International Singing Competition Final
The Grange Festival 2017
Musical competitions are seen by many as necessary but unrepresentative in an art form where direct comparison is subjective and direct competition unartistic. However, they can provide a supportive showcase for burgeoning talent and are often the first opportunity a singer has to perform in public in a fully professional context.
The competition will be shaped in such a way as to reflect the artistic vision behind The Grange Festival, whilst being mindful of the needs of the wider musical world of the 21st century. In order to achieve this, some basic tenets are necessary: powerful vocal communication is transformative to a listener; beauty of sound and strength of projection will be points of reference; clarity of intention, flexibility of delivery, comprehensibility, personality and a passion to communicate should also all be considered as fundamental requirements. A great singer encapsulates all these and more. This new competition will encourage judges to focus on all these in their deliberations.
The art of singing is also the craft of singing. Different periods of music give singers a variety of opportunities and require diverse strengths. Earlier repertoire lays great store in skills of rhetoric, declamation, improvisation and imagination, where later music focusses on legato line, colour and power. To quote the late Nikolaus Harnoncourt, “…. music prior to 1800 speaks, while subsequent music paints.” Competitors at The Grange are invited to consider these notions, and wherever possible delight their listeners with an awareness of them. Variety of repertoire is therefore encouraged at each stage of the competition.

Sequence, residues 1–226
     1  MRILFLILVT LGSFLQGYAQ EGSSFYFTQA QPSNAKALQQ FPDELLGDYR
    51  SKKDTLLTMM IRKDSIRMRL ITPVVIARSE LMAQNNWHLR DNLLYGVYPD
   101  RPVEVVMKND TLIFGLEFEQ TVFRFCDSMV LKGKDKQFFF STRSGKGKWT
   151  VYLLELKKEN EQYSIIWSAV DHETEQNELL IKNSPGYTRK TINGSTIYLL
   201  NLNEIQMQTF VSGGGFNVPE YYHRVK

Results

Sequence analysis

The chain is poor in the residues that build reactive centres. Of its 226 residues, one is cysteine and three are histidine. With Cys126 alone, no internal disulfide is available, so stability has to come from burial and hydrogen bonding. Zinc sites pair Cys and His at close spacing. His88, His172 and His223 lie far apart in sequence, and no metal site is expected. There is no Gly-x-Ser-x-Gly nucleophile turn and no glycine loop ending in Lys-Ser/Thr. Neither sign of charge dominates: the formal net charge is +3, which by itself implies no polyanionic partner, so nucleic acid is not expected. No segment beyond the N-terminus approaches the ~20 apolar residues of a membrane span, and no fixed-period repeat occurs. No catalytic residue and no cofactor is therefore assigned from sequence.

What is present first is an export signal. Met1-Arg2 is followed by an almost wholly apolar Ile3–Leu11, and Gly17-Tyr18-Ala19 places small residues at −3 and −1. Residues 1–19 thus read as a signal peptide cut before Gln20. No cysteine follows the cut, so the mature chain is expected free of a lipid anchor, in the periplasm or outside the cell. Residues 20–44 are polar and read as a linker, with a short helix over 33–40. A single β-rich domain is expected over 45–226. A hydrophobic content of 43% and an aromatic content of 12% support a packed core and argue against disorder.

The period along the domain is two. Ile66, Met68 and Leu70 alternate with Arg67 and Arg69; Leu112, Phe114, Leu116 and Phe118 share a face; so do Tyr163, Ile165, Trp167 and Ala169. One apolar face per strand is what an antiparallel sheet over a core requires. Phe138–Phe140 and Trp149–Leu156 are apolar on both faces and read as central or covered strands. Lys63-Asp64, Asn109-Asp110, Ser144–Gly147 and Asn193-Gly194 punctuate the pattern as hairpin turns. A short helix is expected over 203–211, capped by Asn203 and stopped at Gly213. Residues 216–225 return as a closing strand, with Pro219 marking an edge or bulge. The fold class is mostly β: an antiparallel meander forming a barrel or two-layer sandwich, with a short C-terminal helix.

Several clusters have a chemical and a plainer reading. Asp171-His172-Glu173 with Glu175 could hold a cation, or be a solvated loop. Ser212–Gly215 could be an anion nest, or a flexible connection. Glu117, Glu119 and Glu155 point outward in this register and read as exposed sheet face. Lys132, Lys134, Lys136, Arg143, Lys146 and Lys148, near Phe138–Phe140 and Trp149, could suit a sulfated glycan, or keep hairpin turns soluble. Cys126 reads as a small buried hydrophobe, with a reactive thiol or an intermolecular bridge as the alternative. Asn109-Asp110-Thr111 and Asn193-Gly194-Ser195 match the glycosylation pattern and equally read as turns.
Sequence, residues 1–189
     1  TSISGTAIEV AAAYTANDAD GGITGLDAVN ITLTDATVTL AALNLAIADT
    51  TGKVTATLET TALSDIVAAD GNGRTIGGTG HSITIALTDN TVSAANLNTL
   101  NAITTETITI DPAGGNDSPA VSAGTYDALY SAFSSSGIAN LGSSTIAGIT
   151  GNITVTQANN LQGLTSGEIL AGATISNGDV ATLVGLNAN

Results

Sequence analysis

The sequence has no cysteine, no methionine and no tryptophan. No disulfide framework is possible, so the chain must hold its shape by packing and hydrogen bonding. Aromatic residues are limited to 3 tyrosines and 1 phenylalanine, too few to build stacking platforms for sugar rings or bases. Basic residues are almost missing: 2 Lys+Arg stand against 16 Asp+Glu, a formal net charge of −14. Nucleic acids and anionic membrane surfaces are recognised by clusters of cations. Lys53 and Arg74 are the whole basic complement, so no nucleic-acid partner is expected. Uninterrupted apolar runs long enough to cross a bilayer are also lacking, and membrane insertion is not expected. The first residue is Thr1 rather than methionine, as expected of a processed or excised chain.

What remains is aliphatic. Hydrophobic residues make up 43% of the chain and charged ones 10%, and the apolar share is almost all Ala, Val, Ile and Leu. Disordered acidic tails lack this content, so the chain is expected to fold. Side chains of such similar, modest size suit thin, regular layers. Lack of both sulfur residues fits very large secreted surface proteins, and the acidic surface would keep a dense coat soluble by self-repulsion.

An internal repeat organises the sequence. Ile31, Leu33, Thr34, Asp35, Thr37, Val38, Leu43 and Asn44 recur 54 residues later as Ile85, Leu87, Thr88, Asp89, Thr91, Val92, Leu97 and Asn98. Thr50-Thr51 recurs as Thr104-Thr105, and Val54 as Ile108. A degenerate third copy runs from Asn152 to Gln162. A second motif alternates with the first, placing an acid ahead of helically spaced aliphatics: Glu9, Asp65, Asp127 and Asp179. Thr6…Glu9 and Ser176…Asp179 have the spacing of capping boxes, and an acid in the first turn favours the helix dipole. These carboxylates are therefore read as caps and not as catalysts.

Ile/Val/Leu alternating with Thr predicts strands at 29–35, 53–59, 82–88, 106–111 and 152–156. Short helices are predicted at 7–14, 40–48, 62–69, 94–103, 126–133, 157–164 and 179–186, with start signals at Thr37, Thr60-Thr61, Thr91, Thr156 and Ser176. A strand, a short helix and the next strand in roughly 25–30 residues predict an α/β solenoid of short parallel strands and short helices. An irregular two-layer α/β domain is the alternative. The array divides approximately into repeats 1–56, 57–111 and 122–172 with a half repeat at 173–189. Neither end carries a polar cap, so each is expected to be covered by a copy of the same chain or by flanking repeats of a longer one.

Singers have one thing available to them which is not available to all other musicians: words. This competition will be concerned as much with celebration of text as celebration of sound.
It is intended that every competitor reaching the final stage should be considered a winner. Both the semi-finals and finals will be public events on stage at The Grange. In addition, there will be masterclasses in the week before the finals, thus placing this competition firmly at the heart of the working process of preparing and making music. The award of The Grange Festival contracts, as well as prize money to the three highest placed finalists, also makes this new competition an important and useful showcase for young singers on an international level.